If you’re here reading this, you know who Stan Lee is, you know what he created, and you know why the geek world mourns this week. You can find lists of his greatest achievements and his influence on the comics industry in a billion different places, but I’m not here to do that. I choose to remember my hero Stan Lee through the lessons he taught me. Every character he touched and created influenced all of us who read his work. We were lucky to have a storyteller, worldbuilder, and teacher like Stan Lee in our lives.
Family Is Important
Whether your family is the one you grew up with, the one you chose, the offspring you’re raising, or something else entirely, you should be there for them and they should be there for you. Sometimes we don’t get along with them. Your brother is a hothead. Your dad gets lost in his work duties. Mom sometimes just disappears. Your best friend does things that make you wonder if there are just rocks in his skull instead of brains. They’re weirdos, but they’re your weirdos. No one knows you like they do, and even though they piss you off sometimes you know you’ll work through it. Many of us don’t have large families. It’s our duty to make sure that they’re safe and well, because they do the same for us.
Life is hard. It’s easy to go about your day thinking only about your needs and keeping your lights on. However, every so often life gives us the opportunity to do good. Maybe you take a case to trial for a client pro bono because you know she can’t afford it and you believe it’s the right thing to do. A stranger’s car breaks down on the highway and you help to jump it even though you’re already running late for work. You hire someone with a checkered past and nearly no marketable skills because you see that they want to turn their life around. Do good, even if it gets you nothing in return, for no other reason than it’s the right thing to do.
Manage Your Emotions
Everyone has bad days. Even the most polite, kind, warm people have days where they just want to take a sledgehammer to some drywall. We are not defined by our emotions, but rather how we react to them. People might not like you when you’re angry, but you have the choice to direct that energy towards something good, something productive. Anger and passion come from the same place. They can both consume you, or you can take control and use that energy to do things that seemed impossible just minutes earlier. Emotions have a purpose and you have the ability to do great things when you acknowledge what you feel, and channel it towards being productive.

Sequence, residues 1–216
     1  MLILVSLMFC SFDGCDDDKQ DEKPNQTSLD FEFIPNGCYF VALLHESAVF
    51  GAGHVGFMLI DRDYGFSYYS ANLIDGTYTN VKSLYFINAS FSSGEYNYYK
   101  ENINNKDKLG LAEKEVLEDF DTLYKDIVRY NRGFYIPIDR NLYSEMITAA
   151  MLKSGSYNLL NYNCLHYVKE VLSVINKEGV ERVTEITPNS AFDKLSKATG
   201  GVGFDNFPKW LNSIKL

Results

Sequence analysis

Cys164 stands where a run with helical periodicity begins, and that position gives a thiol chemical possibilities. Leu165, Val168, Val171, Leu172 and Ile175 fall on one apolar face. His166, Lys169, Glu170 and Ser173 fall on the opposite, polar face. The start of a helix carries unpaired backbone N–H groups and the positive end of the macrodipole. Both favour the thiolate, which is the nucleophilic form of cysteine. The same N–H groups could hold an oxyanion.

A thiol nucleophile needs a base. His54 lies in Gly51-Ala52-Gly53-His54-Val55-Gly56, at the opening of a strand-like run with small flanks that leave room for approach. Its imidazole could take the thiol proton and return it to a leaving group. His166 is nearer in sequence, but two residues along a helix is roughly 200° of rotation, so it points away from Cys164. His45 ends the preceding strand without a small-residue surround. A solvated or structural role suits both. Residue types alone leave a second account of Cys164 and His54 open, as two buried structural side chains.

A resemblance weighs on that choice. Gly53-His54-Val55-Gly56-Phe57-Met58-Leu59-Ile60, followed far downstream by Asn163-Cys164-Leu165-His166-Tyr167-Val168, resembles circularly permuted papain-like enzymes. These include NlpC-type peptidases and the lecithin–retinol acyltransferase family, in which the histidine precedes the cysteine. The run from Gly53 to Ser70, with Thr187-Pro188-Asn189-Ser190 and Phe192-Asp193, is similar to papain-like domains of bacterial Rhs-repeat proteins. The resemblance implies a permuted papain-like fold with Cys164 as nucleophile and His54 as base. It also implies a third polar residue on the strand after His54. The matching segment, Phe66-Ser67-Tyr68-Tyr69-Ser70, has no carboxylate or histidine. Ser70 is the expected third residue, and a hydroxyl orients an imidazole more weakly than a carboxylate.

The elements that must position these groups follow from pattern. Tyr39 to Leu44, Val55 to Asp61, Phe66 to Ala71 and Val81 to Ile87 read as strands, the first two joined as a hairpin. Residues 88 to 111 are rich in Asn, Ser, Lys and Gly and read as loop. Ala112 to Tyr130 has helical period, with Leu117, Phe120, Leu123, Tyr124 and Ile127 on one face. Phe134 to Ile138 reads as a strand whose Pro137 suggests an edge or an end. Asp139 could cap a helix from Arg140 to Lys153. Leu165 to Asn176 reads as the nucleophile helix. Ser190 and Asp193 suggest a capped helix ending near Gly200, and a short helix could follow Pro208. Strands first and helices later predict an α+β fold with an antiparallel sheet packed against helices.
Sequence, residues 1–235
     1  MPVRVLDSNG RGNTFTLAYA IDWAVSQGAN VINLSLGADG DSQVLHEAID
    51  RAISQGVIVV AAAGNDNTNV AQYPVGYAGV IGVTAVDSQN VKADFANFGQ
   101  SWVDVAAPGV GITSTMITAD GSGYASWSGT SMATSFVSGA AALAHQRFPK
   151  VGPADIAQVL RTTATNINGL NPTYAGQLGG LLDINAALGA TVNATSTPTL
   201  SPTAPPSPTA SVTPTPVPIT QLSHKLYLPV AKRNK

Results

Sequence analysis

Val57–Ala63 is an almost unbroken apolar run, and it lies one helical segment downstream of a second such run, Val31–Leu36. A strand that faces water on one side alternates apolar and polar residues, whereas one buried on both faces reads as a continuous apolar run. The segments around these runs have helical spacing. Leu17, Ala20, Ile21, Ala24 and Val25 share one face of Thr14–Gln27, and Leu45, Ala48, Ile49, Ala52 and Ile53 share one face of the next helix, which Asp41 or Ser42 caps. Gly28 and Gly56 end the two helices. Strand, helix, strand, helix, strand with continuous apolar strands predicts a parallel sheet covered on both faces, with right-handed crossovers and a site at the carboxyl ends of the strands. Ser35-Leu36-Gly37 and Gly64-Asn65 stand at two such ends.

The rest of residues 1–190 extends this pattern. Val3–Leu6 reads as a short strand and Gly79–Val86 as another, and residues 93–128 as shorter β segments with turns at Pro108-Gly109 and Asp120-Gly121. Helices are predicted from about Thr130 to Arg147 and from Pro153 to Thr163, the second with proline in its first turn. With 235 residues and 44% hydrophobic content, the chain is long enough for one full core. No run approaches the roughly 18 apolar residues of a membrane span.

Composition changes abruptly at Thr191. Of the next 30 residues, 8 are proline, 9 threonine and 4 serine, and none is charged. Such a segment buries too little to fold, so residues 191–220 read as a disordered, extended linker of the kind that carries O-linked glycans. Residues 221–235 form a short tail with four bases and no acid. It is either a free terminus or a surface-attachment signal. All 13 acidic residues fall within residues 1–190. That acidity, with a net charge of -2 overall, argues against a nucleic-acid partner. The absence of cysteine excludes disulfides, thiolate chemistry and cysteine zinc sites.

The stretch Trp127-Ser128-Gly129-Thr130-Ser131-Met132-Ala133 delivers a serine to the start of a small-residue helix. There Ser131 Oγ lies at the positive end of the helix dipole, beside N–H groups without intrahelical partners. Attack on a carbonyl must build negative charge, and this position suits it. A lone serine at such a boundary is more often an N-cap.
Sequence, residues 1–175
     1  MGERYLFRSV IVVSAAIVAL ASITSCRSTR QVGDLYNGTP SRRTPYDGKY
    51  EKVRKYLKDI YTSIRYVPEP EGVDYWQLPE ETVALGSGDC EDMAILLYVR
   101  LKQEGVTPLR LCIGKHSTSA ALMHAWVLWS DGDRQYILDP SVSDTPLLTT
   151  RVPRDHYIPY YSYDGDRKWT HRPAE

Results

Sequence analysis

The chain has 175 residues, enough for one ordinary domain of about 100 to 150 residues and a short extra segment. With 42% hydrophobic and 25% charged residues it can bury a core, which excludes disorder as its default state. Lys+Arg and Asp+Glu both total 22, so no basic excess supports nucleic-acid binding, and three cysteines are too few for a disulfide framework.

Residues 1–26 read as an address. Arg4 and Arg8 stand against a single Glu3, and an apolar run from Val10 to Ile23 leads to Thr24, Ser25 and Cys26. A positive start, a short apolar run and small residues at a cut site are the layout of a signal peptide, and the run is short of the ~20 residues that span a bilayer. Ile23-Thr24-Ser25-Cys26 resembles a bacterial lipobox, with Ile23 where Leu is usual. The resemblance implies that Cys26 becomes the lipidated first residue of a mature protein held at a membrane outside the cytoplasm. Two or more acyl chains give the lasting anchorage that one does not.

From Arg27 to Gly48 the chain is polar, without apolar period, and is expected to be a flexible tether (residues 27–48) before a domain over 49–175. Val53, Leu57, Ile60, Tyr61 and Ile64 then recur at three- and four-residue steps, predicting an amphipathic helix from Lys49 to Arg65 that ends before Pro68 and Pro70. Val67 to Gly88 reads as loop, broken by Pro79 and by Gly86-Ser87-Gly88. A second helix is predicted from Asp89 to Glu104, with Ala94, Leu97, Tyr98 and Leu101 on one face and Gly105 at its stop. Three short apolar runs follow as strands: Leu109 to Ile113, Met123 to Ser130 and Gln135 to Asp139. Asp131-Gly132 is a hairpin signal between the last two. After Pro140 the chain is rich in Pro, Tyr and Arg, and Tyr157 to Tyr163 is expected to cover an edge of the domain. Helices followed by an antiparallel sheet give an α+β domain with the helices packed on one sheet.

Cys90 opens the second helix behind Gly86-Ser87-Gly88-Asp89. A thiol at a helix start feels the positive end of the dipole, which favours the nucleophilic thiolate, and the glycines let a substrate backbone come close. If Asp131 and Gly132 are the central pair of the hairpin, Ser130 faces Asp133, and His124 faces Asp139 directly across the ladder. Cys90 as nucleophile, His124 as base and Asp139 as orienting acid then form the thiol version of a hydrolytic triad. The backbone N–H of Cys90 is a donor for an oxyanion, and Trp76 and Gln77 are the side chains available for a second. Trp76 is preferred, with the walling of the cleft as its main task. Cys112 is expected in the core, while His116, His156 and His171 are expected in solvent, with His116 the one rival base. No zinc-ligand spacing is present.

Your Past Need Not Define Your Future
We’ve all done things that we regret, and said things we wish we could un-say. Everyone has experienced that moment at 2:15am, when you do nothing but stare at your ceiling and constantly replay that one moment the way you wish you’d handled it. These are moments that we carry to remind us of our mistakes and what we’ve learned from them. Our mistakes might taint our past and they may even taint our legacy, but they do not need to affect our future. We always have the choice to do better, to grow, to learn, and to leave our past behind. And someday, if we’re deliberate and mindful about changing our behaviors, we’ll see that our mistakes gave us the skills we need to be our best selves in the future.
Know Your Value
You worked hard to get where you are. Life threw you obstacles that you dodged, hurdles that you jumped, and pitfalls that you avoided. And now you’re here, at a point in your life where you feel like you underachieved. Or maybe someone holds you back from your potential. When you find yourself in these predicaments, there is one thing that you know better than anyone: your value. You know best what you bring to the table, and someone somewhere will see that too. It’s not enough to know your value. Have the strength and courage to fight for it even if the opposition seems insurmountable, and even if you are scared beyond measure.
Sometimes you’re content with where you grew up. Most of us can’t wait to move away. Whatever your path, take the time to travel. See different places, do different things. Learning from unfamiliar cultures enriches your life, your mind, and your soul. John Donne said that no man is an island, and if that’s true then we owe it ourselves to see what life is like outside city limits. The best explorers are the ones who learn and change by the time they return home. If you have the opportunity to go somewhere new, do it. Explore the next town, the next city, the next state, the next country, and the next experience. The people you meet and the things you see will be worth the while. You never know if that opportunity will ever come around again.